The release of ‘It’s A Sin’ from the second album by Pet Shop Boys marked the start of their self proclaimed ‘imperial’ phase. They’d entered that period of time when it seemed they could do no wrong. Of course, it went to number one, having been released on 15 June 1987. It seems so long ago now.
The song opens with a sample of a rocket launch countdown, typically fitting for such an overblown production. Everything seems to be thrown at it. The video, directed by Derek Jarman, is equally as arresting. The lyrical themes of the song find direct interpretation as Tennant finds himself in the role of sinner, Lowe as that of his inquisitor.
It is clearly about the perception of rights and wrongs, and it indirectly speaks to the question of how to be a gay man in Thatcher’s Britain. The Catholic Church is never too far away either. The guidance it offers has been of little use as the bridge opens: ‘Father forgive me/I tried not to do it/Turned over a new leaf/Then tore right through it’.
But it is, perhaps, in the strident verses that the full effect of the vocal takes flight: ‘At school they taught me how to be/So pure in thought and word and deed/They didn’t quite succeed.’ As the video outlines, this is hell and there is no escape: ‘Everything I’ve ever done/Everything I ever do/Every place I’ve ever been/Everywhere I’m going to/It’s a sin’.
The song doesn’t reference AIDS; that will be left to the most lyrically complex song on the album. ‘It Couldn’t Happen Here’ is that particular story; a song so beautiful in its orchestration and programming that, some thirty three years after I first heard it, can still reduce me to tears. It’s not sentimental; it’s just the price some people paid for love.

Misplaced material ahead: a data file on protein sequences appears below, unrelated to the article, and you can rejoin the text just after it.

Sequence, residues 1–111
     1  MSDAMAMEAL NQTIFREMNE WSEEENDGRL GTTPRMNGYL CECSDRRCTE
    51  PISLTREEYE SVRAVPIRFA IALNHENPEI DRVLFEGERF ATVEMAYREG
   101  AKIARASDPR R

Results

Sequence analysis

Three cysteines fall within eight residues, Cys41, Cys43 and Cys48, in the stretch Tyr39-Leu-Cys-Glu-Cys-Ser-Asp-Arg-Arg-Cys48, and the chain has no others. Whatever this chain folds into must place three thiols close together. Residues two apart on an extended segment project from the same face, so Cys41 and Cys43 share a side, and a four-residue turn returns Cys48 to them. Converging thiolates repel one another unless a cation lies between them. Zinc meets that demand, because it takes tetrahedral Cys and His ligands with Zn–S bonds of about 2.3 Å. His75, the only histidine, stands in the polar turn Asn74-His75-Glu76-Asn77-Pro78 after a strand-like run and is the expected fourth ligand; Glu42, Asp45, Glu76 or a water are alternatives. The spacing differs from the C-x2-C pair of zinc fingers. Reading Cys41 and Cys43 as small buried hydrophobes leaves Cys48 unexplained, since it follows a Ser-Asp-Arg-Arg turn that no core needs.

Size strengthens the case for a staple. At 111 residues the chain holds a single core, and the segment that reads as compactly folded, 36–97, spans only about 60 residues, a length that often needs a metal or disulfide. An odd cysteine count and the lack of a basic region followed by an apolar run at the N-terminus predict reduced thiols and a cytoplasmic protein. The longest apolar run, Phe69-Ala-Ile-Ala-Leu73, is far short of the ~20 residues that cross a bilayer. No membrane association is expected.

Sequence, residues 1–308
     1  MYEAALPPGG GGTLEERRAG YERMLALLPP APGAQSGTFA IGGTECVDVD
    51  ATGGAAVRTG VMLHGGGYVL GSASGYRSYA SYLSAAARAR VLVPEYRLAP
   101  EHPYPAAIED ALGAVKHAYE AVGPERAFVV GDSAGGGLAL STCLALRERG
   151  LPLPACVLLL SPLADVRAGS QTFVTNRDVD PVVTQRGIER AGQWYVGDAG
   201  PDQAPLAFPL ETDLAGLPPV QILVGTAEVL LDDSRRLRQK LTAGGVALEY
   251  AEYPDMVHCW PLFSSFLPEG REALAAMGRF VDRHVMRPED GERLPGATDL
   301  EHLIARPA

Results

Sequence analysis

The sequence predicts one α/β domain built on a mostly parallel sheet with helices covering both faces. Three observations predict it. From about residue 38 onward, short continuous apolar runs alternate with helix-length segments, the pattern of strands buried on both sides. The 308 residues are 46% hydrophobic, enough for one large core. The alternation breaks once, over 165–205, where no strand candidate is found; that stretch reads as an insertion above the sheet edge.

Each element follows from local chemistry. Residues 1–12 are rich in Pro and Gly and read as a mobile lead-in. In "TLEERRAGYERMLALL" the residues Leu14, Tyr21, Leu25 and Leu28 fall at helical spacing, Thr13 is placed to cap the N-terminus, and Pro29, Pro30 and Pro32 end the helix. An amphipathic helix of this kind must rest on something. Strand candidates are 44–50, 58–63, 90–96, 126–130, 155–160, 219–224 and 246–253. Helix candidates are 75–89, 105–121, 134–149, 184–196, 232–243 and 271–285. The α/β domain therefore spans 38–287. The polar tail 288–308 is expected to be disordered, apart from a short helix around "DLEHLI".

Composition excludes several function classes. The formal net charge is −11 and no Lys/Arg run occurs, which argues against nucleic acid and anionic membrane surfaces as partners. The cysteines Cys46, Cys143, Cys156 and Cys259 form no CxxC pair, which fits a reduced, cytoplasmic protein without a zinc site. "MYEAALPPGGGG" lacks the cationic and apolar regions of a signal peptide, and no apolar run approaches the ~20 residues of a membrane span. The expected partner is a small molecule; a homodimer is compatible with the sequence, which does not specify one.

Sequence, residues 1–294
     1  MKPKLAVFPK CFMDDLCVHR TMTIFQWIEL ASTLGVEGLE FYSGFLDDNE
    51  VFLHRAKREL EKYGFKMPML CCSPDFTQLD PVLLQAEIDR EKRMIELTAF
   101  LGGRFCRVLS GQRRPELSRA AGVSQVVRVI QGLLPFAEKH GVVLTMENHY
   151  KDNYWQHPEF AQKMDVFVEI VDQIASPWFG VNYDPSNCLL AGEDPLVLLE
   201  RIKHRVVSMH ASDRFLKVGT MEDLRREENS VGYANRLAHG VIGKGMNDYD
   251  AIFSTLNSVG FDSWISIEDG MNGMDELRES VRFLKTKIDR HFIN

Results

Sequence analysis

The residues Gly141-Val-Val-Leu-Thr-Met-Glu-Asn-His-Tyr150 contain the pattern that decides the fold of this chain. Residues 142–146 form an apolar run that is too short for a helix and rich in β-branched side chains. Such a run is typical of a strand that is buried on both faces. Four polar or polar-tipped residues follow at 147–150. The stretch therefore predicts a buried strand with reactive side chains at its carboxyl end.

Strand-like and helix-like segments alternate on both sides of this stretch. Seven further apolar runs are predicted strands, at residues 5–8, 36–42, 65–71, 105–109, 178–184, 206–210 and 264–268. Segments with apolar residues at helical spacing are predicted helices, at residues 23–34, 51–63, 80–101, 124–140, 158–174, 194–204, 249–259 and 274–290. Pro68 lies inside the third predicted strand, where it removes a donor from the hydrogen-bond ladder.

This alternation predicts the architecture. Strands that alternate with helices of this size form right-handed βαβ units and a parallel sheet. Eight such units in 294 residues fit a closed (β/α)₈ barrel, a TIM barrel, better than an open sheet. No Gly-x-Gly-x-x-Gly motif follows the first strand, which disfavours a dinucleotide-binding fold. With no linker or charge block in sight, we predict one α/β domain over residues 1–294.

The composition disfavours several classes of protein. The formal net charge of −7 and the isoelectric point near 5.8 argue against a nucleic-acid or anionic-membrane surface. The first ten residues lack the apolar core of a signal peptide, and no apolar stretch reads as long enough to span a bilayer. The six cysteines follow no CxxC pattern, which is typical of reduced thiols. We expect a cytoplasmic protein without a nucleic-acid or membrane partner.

The coda of ‘It’s A Sin’ has Tennant reciting the Confiteor in Latin. He’s occasionally talked about the theatricality of the Catholic Mass, the language, the rituals, the rhythm. The confession to God and the acceptance of fault, and the child Tennant as Altar Boy is finally left behind as the song, bookended as it is by the rocket launch reaches its climax with the sampled ‘zero’. Make of that image what you will.
I haven’t seen the Channel 4 series of the same name yet. It’s had some great reviews. Lots of it was shot in Bolton and, of course, it inhabits the same themes as the song. Olly Alexander of Years and Years, who also plays Ritchie Tozer in the series, has recorded a lovely version of ‘It’s a Sin’ too. Gone is the theatricality. The vocal just lifts and lilts, never really pushing, never over-reaching. The lyrics are haunting and within the start, there is a sense of a conclusion. Devoid of the original production values, it sounds like a song to which we already know the ending: ‘When I look back upon my life/It’s always with a sense of shame/I’ve always been the one to blame.’